This chapter covers the key aspects of sign-language recognition (SLR), starting with a brief introduction to the motivations and requirements, followed by a précis of sign linguistics and their impact on the field. The types of data available and the relative merits are explored allowing examination of the features which can be extracted. Classifying the manual aspects of sign (similar to gestures) is then discussed from a tracking and non-tracking viewpoint before summarising some of the approaches to the non-manual aspects of sign languages. Methods for combining the sign classification results into full SLR are given showing the progression towards speech recognition techniques and the further adaptations required for the sign specific case. Finally the current frontiers are discussed and the recent research presented. This covers the task of continuous sign recognition, the work towards true signer independence, how to effectively combine the different modalities of sign, making use of the current linguistic research and adapting to larger more noisy data sets
This paper introduces a fully-automated, unsupervised method to recognise sign from subtitles. It does this by using data mining to align correspondences in sections of videos. Based on head and hand tracking, a novel temporally constrained adaptation of apriori mining is used to extract similar regions of video, with the aid of a proposed contextual negative selection method. These regions are refined in the temporal domain to isolate the occurrences of similar signs in each example. The system is shown to automatically identify and segment signs from standard news broadcasts containing a variety of topics.
We describe a prototype Search-by-Example or look-up tool for signs, based on a newly developed 1000-concept sign lexicon for four national sign languages (GSL, DGS, LSF,BSL), which includes a spoken language gloss, a HamNoSys description, and a video for each sign. The look-up tool combines an interactive sign recognition system, supported by Kinect technology, with a real-time sign synthesis system,using a virtual human signer, to present results to the user. The user performs a sign to the system and is presented with animations of signs recognised as similar. The user also has the option to view any of these signs performed in the other three sign languages. We describe the supporting technology and architecture for this system, and present some preliminary evaluation results.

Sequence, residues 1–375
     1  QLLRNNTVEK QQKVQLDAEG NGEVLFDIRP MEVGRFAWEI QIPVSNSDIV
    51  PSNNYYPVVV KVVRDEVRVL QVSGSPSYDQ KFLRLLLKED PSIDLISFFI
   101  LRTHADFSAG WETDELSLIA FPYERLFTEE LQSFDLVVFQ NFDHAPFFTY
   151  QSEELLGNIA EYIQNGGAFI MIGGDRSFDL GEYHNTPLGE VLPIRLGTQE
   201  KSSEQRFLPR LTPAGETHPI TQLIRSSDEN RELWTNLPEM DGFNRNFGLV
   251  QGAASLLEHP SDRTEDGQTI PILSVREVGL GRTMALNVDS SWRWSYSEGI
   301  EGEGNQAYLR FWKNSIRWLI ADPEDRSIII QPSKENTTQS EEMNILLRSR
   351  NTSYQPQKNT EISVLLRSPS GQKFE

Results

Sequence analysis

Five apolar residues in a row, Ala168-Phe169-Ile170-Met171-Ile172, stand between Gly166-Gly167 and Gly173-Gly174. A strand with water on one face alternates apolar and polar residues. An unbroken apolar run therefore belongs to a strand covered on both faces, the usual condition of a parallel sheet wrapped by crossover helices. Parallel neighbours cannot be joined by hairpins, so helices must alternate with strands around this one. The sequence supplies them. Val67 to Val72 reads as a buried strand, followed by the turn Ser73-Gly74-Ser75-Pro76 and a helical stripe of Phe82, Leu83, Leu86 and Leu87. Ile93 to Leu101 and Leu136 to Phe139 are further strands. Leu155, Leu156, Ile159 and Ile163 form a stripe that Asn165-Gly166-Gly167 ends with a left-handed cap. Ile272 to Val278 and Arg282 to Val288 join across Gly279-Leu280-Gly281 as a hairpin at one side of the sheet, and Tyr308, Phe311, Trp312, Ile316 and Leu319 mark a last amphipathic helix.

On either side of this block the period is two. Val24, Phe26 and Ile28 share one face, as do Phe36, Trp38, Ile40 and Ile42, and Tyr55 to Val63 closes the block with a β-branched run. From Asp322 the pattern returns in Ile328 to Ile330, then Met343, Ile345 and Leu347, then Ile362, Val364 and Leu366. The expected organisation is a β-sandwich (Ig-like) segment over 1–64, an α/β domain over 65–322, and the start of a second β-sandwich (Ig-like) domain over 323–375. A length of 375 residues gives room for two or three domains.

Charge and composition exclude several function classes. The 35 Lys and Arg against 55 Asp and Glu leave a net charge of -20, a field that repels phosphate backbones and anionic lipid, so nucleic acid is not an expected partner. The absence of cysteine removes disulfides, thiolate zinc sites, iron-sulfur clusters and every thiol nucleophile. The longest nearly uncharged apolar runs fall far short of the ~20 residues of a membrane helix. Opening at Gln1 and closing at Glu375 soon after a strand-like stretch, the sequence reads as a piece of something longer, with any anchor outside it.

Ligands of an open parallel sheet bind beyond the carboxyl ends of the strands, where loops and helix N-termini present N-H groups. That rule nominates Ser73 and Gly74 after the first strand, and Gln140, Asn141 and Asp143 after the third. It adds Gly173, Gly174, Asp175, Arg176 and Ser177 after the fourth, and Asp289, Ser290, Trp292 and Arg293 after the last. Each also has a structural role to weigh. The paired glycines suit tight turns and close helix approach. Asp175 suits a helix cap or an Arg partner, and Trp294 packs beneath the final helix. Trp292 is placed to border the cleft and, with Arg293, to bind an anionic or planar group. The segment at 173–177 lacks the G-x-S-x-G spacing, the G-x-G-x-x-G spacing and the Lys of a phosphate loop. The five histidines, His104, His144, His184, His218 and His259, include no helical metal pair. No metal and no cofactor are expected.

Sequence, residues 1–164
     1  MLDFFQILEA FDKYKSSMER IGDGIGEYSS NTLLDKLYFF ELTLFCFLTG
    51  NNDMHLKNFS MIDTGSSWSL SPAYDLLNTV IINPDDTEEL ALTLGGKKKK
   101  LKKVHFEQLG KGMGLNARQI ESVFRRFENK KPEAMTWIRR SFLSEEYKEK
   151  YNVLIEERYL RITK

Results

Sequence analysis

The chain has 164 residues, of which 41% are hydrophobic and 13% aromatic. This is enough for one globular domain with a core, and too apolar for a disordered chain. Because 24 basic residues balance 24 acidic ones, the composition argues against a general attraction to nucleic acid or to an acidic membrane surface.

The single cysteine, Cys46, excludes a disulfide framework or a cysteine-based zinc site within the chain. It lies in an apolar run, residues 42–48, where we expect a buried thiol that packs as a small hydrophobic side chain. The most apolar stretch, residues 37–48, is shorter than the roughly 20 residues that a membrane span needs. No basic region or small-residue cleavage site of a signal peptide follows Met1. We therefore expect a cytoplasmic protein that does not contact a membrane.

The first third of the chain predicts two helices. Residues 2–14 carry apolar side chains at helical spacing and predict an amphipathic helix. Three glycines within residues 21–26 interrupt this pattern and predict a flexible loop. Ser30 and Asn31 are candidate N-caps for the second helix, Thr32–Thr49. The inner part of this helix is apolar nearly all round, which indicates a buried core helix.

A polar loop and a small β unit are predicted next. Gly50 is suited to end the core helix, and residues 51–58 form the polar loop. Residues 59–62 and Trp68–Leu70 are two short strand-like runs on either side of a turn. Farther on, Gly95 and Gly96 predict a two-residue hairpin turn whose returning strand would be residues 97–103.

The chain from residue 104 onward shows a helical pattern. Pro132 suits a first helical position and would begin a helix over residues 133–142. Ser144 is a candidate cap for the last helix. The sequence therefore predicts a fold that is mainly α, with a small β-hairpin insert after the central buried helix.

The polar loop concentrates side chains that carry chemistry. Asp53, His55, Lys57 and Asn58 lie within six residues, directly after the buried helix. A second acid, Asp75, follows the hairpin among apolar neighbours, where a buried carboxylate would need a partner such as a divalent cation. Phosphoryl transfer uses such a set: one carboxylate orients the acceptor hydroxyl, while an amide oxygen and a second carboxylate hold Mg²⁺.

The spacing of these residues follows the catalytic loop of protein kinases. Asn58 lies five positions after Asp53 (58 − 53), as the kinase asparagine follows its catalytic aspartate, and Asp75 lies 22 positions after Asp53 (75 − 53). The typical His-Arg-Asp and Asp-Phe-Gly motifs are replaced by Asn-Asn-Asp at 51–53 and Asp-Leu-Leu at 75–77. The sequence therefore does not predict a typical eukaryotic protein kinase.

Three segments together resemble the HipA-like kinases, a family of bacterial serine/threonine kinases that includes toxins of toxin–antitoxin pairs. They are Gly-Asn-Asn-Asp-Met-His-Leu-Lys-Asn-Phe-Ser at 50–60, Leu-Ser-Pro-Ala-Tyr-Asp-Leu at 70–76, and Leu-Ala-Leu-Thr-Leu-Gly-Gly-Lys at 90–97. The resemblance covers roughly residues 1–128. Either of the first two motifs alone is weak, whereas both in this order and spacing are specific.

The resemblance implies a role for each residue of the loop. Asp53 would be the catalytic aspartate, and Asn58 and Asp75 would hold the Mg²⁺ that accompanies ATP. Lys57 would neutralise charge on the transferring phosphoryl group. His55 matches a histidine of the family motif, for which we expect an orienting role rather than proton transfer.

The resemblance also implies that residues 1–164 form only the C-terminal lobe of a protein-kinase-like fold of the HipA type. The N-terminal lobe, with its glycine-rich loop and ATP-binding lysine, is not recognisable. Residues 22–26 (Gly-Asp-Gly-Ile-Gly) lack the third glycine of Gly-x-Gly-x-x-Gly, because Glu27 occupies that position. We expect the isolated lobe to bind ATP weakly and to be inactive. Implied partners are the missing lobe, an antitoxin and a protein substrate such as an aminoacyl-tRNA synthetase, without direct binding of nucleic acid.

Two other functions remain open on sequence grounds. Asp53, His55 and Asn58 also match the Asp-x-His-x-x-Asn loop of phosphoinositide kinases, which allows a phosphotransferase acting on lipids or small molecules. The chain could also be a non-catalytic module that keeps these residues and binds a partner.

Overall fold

This paper discusses sign language recognition using linguistic sub-units. It presents three types of sub-units for consideration; those learnt from appearance data as well as those inferred from both 2D or 3D tracking data. These sub-units are then combined using a sign level classifier; here, two options are presented. The first uses Markov Models to encode the temporal changes between sub-units. The second makes use of Sequential Pattern Boosting to apply discriminative feature selection at the same time as encoding temporal information. This approach is more robust to noise and performs well in signer independent tests, improving results from the 54% achieved by the Markov Chains to 76%.
The availability of video format sign language corpora limited. This leads to a desire for techniques which do not rely on large, fully-labelled datasets. This paper covers various methods for learning sign either from small data sets or from those without ground truth labels. To avoid non-trivial tracking issues; sign detection is investigated using volumetric spatio-temporal features. Following this the advantages of recognising the component parts of sign rather than the signs themselves is demonstrated and finally the idea of using a weakly labelled data set is considered and results shown for work in this area.
We propose a novel hybrid approach to static pose estimation called Connected Poselets. This representation combines the best aspects of part-based and example-based estimation. First detecting poselets extracted from the training data; our method then applies a modified Random Decision Forest to identify Poselet activations. By combining keypoint predictions from poselet activitions within a graphical model, we can infer the marginal distribution over each keypoint without any kinematic constraints. Our approach is demonstrated on a new publicly available dataset with promising results.